Dangelmaier started working with high school girls (she insists on using the term girls) about 5 1/2 years ago. "I did everything with them, name the company, build the messaging and brand identity, solicit clients, and recruit. Even though we picked up clients (Playtex, Unilever, Rubbermaid, Nokia) and rapidly demonstrated our abilities for mass-market hits, we kept bumping against disturbing prejudices," she says. So she took about 20 months off from full-time work to focus on research. "We are now just releasing the results of that research -- our new science of innovation and design."

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GA recognizes the commercial and social power of feminine thinking when applied to invention and design. "Being female is as much about the construction of our minds, as it is with our bodies," Dangelmaier says. "Neuroscientists have reams of research on this, but our culture doesn't really acknowledge this in a practical way. Evolution is a great designer. It knows and preserves those things that have use for survival, and gets rid of things that have no inherent purpose. From a biological viewpoint, the male and female minds were engineered differently for a common purpose: survival."

Dangelmaier argues that female intelligence has not been leveraged in design, engineering, or science. "Because from the moment we arrive on Earth, we are raised on a cultural diet that is dominantly masculine," she says. "We start out as females, but by the time we graduate from university, we pretty much have been turned into masculine thinkers." This conversion from the feminine to the masculine mindset points out a big flaw in human thinking processes. "We can't discern the truth, so eventually females get conditioned into accepting masculine values and beliefs as absolute fact," Dangelmaier says. "It is important to remember that by 'feminine,' I do not mean female. Men also have a feminine dimension." So to rectify the imbalance, she is bringing these feminine dimensions into design and hopes, as a result, to trigger profound innovation.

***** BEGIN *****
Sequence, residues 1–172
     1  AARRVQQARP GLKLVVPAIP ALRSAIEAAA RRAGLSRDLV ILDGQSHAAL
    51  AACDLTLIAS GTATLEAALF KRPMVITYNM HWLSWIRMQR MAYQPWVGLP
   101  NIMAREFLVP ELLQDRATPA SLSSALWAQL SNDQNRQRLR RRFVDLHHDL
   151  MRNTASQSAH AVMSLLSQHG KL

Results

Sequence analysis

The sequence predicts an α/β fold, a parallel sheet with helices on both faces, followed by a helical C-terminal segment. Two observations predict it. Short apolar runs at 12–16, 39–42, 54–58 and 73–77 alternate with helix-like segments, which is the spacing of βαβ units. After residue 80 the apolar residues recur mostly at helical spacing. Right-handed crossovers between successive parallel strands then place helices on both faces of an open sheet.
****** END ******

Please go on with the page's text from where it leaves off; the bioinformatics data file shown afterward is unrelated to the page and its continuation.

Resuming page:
GA recognizes the commercial and social power of feminine thinking when applied to invention and design.

Dangelmaier's team of high school and college "girls" are what she describes as the first females to be raised on a diet of social media, "which gave them a heightened sense of self and feminine consciousness." She refers to them as POST88s -- all born after 1988. The POST88's question traditional design conventions in terms of the useful, intelligent, and social, as well as concepts like rapid prototyping. Their reactions are not driven by insecurity and anger, but self-respect. "When something doesn't feel right, these Post88s have the courage to challenge the system instead of falling into the trap of self-blame and repressing their feelings," Dangelmaier says. "POST88 boys are also applying to GA because they recognize the importance of a balanced design system."

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Steven Heller is a contributing writer for The Atlantic, the co-chair of the MFA Design program at the School of Visual Arts, and the co-founder of its MFA Design Criticism program.